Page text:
Written by: Ota-san, Samurai Tours Japan Staff
Takayama is the largest city in Japan in terms of size, bigger than Tokyo, but this city is surrounded by mountains and its population is only 90,000.
This area was once abundant in timber and produced minerals such as iron, gold, and lead so the Tokugawa military government directly ruled over it to monopolize the minerals.
1692 to 1868 Takayama Jinya was a branch office for the local governors who were sent to the Takayama area to work. It’s the only existing building of its kind in Japan.
Some parts of the building were restored in 1995 but it still retains its original atmosphere.
Inside, you can see how people lived and worked 300 years ago.
Stepping back in Time
Due to heavy snowfall in the region, vertically split wooden shingles were used on the roof as opposed to the common clay tiles, as wood was more durable and wouldn’t crack from the weight of the snow.
The patterns of tatami-mat borders, entrances, and even toilets are different according to the status of the people who used them and showed strictly social classes were defined in feudalistic age.
There is a female attendants’ room which is not protected by storm doors. They used only windows with translucent white paper pasted on a frame so that these female attendants could wake up with the sunlight in the morning and never oversleep for their duties. The sunshine through thin paper windows was their natural alarm clock.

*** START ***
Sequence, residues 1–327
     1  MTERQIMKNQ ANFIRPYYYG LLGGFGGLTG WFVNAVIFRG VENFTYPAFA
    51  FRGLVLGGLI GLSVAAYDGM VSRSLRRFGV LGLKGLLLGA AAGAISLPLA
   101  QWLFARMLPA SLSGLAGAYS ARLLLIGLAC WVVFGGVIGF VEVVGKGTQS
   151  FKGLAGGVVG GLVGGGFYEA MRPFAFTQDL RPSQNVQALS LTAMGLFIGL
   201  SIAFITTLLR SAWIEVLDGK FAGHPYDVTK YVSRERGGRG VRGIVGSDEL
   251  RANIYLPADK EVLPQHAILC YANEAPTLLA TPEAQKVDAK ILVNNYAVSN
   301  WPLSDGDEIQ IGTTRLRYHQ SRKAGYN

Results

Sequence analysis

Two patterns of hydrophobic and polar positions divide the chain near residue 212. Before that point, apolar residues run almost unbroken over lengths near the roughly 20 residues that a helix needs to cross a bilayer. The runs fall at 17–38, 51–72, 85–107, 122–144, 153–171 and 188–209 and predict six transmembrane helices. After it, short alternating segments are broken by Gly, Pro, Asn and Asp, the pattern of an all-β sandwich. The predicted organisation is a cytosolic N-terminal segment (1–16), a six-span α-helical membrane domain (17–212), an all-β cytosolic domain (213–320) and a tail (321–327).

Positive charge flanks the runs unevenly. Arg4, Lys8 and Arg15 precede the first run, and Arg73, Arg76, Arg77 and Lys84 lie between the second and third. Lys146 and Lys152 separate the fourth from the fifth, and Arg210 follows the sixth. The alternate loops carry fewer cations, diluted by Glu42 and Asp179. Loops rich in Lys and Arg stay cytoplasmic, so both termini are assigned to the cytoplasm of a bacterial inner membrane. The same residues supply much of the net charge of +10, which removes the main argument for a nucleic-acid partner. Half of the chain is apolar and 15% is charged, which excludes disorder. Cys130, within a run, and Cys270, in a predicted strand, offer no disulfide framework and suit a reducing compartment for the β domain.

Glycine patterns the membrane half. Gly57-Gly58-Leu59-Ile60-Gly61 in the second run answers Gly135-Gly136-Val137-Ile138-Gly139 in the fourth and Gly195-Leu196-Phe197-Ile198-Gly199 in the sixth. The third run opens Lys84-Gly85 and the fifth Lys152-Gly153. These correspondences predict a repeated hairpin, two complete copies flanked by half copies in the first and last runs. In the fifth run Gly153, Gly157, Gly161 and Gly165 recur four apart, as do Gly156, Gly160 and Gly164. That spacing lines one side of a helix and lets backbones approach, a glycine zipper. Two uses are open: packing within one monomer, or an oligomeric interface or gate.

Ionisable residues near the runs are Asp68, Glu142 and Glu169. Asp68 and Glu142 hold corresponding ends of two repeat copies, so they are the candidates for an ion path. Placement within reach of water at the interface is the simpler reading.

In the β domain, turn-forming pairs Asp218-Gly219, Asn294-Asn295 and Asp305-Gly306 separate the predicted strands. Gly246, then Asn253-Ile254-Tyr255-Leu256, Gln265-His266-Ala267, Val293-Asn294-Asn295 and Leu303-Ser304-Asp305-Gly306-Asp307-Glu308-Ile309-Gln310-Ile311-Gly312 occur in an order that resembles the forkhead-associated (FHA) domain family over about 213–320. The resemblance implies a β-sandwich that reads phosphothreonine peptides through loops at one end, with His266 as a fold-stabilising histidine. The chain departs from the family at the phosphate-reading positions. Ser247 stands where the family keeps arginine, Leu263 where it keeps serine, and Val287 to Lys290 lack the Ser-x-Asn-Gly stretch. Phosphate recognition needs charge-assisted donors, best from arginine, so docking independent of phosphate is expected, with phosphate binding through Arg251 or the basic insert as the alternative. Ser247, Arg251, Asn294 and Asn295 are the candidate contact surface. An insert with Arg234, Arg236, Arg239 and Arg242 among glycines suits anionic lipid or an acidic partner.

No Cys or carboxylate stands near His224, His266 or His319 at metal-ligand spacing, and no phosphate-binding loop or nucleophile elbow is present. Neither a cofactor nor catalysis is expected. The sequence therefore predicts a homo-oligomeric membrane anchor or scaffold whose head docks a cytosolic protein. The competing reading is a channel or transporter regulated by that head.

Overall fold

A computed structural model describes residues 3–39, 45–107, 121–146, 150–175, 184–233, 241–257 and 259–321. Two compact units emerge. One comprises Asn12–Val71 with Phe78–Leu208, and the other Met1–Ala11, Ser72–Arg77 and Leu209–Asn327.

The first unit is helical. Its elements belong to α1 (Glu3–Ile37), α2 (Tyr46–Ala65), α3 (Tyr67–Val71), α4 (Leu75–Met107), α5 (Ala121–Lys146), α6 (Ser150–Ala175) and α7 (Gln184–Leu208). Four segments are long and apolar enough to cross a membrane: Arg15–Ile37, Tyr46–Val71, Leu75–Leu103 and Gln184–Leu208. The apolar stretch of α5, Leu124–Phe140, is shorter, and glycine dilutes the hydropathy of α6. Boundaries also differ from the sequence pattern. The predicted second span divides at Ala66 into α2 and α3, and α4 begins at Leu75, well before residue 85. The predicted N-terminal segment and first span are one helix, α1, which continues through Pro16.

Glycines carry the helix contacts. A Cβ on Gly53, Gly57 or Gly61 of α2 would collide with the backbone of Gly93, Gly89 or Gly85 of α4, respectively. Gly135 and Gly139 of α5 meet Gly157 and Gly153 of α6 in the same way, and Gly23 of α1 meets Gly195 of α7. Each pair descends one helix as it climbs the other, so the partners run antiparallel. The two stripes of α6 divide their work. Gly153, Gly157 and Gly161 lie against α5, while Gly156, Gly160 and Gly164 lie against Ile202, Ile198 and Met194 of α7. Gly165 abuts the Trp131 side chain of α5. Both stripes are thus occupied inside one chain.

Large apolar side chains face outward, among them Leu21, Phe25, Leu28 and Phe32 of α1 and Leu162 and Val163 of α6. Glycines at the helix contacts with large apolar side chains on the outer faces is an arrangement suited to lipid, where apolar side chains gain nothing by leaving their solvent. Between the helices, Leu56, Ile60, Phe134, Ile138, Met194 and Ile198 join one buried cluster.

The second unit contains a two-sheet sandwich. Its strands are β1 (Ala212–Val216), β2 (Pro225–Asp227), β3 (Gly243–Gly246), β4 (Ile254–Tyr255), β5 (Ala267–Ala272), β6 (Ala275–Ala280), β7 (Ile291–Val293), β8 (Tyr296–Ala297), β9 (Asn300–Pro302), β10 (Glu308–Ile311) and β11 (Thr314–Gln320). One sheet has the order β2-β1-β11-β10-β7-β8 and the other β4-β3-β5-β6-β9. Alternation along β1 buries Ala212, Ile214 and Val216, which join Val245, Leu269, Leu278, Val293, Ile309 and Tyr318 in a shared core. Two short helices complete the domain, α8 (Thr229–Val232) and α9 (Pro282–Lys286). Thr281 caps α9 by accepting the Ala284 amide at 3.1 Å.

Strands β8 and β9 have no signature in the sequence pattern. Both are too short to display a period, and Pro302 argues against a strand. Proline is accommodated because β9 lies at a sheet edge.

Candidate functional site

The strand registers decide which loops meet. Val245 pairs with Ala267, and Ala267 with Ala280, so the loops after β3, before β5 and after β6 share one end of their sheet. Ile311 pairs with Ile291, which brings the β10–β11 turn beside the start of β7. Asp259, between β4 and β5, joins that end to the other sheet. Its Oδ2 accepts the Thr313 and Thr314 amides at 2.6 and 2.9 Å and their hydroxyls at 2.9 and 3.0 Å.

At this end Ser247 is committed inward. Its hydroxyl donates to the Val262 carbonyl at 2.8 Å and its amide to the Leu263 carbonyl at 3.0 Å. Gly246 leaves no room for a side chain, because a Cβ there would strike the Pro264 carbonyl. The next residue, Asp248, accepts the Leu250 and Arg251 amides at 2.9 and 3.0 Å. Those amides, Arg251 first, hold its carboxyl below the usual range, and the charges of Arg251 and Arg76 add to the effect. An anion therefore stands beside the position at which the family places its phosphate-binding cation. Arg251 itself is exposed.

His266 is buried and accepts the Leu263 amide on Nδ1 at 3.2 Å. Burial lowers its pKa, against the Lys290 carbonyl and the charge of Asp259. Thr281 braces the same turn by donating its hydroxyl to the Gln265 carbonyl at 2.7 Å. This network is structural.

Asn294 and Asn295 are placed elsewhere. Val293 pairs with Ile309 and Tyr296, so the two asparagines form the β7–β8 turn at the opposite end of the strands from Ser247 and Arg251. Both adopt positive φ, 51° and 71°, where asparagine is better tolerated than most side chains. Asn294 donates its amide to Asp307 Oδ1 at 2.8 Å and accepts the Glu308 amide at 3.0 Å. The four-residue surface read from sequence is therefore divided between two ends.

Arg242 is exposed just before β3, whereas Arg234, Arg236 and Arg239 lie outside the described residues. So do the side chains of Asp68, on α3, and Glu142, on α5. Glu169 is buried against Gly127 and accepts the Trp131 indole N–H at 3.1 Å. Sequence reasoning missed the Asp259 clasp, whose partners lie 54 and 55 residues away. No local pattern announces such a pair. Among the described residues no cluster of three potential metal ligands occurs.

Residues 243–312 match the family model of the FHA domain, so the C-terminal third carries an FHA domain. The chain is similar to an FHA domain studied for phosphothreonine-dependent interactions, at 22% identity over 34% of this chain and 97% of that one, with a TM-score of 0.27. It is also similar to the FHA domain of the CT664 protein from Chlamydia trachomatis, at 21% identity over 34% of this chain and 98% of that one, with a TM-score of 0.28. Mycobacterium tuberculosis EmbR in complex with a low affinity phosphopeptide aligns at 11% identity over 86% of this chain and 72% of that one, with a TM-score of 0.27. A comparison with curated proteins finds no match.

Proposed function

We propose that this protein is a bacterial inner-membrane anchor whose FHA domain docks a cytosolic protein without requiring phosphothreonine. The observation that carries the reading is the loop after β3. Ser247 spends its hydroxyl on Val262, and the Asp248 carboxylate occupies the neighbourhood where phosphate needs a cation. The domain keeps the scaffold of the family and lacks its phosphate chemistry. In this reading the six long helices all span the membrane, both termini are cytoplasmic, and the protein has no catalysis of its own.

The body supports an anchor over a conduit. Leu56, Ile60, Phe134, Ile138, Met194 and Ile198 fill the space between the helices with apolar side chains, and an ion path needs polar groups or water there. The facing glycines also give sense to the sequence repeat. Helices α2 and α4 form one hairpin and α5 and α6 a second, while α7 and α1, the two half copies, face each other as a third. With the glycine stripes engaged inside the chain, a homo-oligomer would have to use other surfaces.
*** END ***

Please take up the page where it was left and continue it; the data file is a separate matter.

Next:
There are metal rabbit emblems throughout the building to hide nails. Rabbits are prolific breeders and symbolize prosperity and also rabbits with long ears symbolize good rulers who can hear people’s appeals.
There is rice storage where rice sacks are exhibited. There was a big riot by farmers in this area when the heavy rice tax was imposed on them. Many leaders of farmers sacrificed their lives to appeal their miserable situation to the central government. Eventually, Governor of Takayama was demoted and replaced thanks to their sacrifices.
Something that is seen only in this building in Japan is its courtrooms. One is the civil courtroom where money problems and boundary issues of the land were judged.
Another one is the criminal courtroom and torture room where tools of torture for examining a suspect and a wooden cage which was used to carry a suspect to Edo or today’s Tokyo are exhibited.
One of the common ways of torture was to put heavy stones on the suspect who sat on the rough pebbles on the ground.
Every morning the local markets are held in front of the main gate, giving you an opportunity to meet the friendly locals before immersing yourself in their ancestor’s history. Takayama Jinya introduces some very intriguing Japanese history and is a must in my opinion, for visitors to Takayama.